We staggered on the last kilometre into Roncesvalles, then resolved to find the tourist information office. We were saved the trouble, however; a monk with an umbrella swept out of the Casa Sabina and gathered us up. (‘Peregrinos? Vamos!’) He led us into the monastery, booked us into their refugio, and showed us to the dormitory. This refugio was the first – and only – one that had had the sense to install a heated towel rail. We managed to squeeze a fair number of our sopping garments on there along with the other pilgrims’. Both my pairs of knickers were now wet, so I was forced to do without for the rest of the evening. The dormitory was quite comfortably warm, due in part to the sheer number of bodies that had somehow been fitted in there. We braved an expedition to the Casa Sabina to book places for supper, and filled in the intervening time drinking lemonade and watching a Western on the TV. I expended some mental effort in trying to work out whether it was one I’d seen. I don’t think it was. The food was very good indeed – fish and chips (after all, it was Friday), but not as we knew them. The fish were still in their scales, with heads and tails attached, not battered lumps. The wine was good, but the pudding was not exciting by any manner of means – a sort of wobbly pink yoghurt. As a whole we found that Spanish puddings were not usually exciting.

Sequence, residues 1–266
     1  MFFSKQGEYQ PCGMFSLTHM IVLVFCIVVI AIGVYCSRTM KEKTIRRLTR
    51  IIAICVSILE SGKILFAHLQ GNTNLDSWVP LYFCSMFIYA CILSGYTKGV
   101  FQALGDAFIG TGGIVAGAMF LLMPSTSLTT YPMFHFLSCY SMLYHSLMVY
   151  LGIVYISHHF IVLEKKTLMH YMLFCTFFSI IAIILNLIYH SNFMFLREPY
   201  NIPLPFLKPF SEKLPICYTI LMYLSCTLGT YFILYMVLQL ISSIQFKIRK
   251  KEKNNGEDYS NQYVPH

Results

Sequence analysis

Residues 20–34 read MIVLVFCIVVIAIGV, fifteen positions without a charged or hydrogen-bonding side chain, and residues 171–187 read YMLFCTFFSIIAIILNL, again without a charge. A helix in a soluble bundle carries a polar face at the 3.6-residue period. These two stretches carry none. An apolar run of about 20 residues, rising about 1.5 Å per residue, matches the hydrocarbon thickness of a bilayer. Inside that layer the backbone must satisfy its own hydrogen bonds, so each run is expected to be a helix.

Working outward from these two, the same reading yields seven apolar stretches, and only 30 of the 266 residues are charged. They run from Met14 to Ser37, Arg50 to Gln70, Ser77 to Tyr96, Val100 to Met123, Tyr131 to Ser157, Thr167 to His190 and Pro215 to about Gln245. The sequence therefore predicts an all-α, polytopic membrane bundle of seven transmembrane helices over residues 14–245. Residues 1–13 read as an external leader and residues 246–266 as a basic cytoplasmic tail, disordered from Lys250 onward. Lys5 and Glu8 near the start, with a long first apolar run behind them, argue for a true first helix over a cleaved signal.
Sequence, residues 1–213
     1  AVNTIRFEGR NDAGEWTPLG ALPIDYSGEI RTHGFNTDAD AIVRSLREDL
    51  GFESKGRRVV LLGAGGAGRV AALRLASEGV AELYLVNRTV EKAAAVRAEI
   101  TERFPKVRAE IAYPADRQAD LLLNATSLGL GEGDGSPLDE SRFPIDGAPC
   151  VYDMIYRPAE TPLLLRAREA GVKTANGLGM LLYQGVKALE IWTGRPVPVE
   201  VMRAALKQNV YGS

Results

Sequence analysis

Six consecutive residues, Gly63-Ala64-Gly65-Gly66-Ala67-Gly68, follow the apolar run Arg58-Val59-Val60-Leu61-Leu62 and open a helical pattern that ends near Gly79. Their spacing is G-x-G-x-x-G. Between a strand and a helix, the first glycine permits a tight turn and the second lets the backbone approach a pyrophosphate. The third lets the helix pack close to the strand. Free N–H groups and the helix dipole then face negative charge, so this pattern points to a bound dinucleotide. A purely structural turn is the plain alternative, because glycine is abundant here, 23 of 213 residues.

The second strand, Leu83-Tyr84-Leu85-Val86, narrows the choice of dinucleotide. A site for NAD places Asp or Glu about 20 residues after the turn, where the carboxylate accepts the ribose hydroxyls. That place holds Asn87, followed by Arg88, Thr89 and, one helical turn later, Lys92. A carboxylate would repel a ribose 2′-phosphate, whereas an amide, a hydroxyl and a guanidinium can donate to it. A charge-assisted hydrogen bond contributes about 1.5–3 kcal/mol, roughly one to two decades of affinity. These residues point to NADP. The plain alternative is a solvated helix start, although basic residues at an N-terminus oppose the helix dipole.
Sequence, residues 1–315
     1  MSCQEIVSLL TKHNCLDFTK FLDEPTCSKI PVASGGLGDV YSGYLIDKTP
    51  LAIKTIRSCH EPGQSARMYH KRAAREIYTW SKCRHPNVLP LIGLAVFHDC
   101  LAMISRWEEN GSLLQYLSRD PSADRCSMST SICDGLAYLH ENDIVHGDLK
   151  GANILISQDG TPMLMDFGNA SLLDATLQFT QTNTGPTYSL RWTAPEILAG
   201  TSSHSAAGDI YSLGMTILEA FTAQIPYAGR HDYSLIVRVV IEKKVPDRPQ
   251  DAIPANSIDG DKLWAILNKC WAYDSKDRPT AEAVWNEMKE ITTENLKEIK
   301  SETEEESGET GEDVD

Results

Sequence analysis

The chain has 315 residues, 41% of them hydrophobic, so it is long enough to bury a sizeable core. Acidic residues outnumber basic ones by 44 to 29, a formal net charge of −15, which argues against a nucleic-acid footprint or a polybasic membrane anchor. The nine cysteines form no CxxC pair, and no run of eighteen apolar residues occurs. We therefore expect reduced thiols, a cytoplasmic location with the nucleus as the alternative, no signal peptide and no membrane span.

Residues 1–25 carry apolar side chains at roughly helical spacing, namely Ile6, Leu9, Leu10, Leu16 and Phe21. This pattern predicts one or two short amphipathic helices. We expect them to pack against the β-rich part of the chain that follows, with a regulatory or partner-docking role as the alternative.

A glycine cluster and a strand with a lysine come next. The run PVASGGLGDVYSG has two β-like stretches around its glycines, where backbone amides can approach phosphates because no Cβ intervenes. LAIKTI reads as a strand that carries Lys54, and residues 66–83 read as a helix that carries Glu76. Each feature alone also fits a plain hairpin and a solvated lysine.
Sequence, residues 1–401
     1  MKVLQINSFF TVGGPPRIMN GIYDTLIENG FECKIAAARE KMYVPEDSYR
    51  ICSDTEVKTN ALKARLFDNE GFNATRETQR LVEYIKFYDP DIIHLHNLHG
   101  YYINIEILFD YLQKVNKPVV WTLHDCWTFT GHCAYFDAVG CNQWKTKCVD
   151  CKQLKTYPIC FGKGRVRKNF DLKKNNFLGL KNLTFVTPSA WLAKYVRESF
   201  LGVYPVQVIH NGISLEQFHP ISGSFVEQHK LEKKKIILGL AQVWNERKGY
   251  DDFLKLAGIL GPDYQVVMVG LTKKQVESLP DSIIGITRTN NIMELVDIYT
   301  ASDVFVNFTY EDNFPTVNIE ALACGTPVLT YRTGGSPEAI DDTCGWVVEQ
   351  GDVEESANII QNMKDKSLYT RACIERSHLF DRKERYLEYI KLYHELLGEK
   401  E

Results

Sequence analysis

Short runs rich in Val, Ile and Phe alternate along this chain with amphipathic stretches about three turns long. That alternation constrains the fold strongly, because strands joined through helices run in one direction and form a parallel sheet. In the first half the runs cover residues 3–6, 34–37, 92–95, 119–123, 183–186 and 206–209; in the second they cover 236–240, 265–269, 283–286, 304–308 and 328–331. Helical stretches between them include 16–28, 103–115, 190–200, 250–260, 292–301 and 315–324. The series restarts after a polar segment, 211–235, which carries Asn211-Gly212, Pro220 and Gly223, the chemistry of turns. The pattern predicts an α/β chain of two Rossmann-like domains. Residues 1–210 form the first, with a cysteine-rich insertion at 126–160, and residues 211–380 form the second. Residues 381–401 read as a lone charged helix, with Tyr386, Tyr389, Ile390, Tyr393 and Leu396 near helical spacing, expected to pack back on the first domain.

Anne and I had chosen to eat at 7pm (although we achieved this more by luck than judgement, as I had thought ‘a las siete’ was referring to the price of the meal) in order to attend the pilgrim mass at 8pm. Even in our exhausted state we were able to appreciate the serenity of the service and the beauty of the monastery chapel and of the monks’ singing, which we compared favourably to that of the monks at Buckfast Abbey. Further on in the camino we would become slightly discontented with the exclusivity of Catholic mass, but at Roncesvalles we were satisfied simply to experience the sacrament at second-hand, letting the peace and stillness wash over us. We had much to be thankful for that day.